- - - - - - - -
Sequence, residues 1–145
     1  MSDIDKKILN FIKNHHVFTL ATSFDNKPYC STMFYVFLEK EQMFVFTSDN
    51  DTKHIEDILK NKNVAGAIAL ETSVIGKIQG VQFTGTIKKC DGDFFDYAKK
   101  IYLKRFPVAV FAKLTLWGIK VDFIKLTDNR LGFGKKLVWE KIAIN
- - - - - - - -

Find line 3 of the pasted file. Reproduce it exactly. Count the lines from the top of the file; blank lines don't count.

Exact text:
    51  DTKHIEDILK NKNVAGAIAL ETSVIGKIQG VQFTGTIKKC DGDFFDYAKK